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is an amazing and complex function carried out in a tiny chamber,
half the size of an egg, situated just behind our nose. With it,
we are able to smell thousands of different odors.
Science of Smell
do we smell things? The mystery is still unfolding, but it starts
with “odor molecules.” Scientists tell us the air
is filled with them. They enter your nasal cavity every time you
breathe, 23,000 times a day.
behind your nose, these molecules are absorbed by mucous covered
tissue. This tissue is covered with “receptor” cells.
(Some scientists say you have millions of them.) Each one is mounted
on a microscopic hair. The receptor cells stick out and wave in
the air currents we inhale. Forty of them must detect odor molecules
before a smell is registered.
a new smell is detected, the tiny olfactory bulb, located just
above the nasal cavity, flashes data directly to the most ancient
and mysterious part of your brain - the limbic system - which
“handles feelings, lust, instincts, and invention.”
The limbic system reacts immediately, without intervention of
reason or language, and may provoke powerful emotions, images,
Dark Ages of Smelling
sense of smell is now accepted as part of the good life. The smell
of coffees, wines, cheeses, and gourmet foods would all be lost
on us if we lacked our immense range of smell. However, this faculty
wasn't always appreciated.
The ancient philosopher Plato looked down on smell as a lowly
instinct that might lead to gluttony and lust, while vision and
hearing opened one to geometry and music and were therefore “closer
to the soul.”
During the 18th and 19th centuries, it was commonly believed that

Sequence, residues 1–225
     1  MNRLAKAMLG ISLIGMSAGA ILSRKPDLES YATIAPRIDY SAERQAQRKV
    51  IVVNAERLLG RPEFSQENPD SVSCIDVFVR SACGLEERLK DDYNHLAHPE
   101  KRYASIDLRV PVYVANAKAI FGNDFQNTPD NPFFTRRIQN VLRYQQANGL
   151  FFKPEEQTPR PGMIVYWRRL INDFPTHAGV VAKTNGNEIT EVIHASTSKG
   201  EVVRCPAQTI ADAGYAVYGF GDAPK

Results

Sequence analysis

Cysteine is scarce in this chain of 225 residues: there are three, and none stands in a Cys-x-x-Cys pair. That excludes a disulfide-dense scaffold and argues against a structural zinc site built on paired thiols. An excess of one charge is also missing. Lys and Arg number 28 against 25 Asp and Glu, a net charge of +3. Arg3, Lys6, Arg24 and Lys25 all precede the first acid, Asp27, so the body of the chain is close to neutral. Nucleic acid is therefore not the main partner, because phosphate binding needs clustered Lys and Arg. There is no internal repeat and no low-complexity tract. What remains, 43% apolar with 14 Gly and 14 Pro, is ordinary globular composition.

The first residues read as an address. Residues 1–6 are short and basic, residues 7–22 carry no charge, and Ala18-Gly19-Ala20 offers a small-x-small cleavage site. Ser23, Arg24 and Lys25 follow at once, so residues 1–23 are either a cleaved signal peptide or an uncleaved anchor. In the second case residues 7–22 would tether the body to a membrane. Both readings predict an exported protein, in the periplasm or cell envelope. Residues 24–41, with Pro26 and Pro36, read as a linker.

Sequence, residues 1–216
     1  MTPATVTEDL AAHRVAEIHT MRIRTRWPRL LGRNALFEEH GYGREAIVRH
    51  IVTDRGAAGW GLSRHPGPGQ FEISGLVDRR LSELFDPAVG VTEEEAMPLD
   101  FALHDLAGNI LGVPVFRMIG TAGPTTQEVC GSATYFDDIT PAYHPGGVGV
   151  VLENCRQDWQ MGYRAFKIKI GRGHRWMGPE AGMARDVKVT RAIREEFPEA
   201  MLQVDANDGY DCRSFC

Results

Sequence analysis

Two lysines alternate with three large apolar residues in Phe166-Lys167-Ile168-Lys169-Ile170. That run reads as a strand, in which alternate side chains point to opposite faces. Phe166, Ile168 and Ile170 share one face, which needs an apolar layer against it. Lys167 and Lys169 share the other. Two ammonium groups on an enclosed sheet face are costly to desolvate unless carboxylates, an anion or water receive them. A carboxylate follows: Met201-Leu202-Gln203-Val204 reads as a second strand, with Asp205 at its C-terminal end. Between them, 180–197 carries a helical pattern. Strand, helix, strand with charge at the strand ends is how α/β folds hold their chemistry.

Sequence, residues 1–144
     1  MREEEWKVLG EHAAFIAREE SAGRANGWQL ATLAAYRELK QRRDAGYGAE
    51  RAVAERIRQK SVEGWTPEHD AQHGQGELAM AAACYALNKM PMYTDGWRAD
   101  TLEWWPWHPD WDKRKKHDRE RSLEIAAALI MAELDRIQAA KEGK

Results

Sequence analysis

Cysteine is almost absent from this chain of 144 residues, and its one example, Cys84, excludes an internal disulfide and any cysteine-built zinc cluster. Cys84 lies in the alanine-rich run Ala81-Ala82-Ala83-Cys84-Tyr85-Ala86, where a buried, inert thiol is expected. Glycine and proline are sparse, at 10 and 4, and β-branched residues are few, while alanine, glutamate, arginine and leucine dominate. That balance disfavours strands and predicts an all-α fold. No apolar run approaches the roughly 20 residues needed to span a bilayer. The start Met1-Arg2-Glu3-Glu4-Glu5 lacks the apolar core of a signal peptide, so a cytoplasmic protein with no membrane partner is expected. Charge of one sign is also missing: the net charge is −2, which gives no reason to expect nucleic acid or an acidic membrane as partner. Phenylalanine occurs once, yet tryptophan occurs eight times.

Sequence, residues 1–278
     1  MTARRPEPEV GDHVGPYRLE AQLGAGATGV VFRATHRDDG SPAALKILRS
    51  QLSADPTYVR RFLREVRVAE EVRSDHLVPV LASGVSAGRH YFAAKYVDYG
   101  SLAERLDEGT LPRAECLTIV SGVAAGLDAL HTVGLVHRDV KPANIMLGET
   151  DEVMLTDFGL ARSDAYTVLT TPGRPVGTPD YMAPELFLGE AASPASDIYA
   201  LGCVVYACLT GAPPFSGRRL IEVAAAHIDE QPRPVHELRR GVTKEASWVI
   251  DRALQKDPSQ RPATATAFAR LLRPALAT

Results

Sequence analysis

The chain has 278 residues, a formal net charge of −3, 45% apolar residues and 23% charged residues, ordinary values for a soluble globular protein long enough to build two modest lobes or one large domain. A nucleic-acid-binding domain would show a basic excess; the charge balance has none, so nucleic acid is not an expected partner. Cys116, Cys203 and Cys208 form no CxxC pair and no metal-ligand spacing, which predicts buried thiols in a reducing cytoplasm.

many diseases were caused by smells. Odors from corpses, feces,
urine, swamps, and Earth fissures were called “miasmas”
and were thought to have the power to kill you. To ward off these
smells, people carried and inhaled “antimephitics,”
such as garlic, amber, sulphur, and incense. When exposed to miasmic
odors, people did not swallow their saliva, but spit it out. The
Viennese physician, Semmelweis was ostracized by colleagues when
he declared that washing one's hands, not breathing antimephitics,
would stop most disease from spreading.
• According to some sources, the stethoscope was invented
not to hear the heartbeat better, but to give doctors some distance
from a patient's bodily odors.
• We taste only four things: sweet, sour, salt and bitter.
It's the smells that make things really taste. For example, wine's
smell, not its taste, is what makes it delicious. With a head
cold, drinking wine is an entirely different experience.
• Scientists have categorized smells into seven groups:
minty like peppermint, floral like roses, ethereal like pears,
musky like well-musk, resinous like camphor, foul like rotten
eggs, and acrid like vinegar.
• Talking with your mouth full expels taste molecules and
diminishes the taste of food.
• Women have a keener sense of smell than men.
• By simply smelling a piece of clothing, most people can
tell if it was worn by a woman or man.
• Each of us has an odor that is, like our fingerprints,
unique. One result, researchers say: Much of the thrill of kissing
comes from smelling the unique odors of another's face.
• Smells stimulate learning. Students given olfactory stimulation
along with a word list retain much more information and remember
• Many smells are heavier than air and can be smelled only
at ground level.
• We smell best if we take several short sniffs, rather
than one long one.
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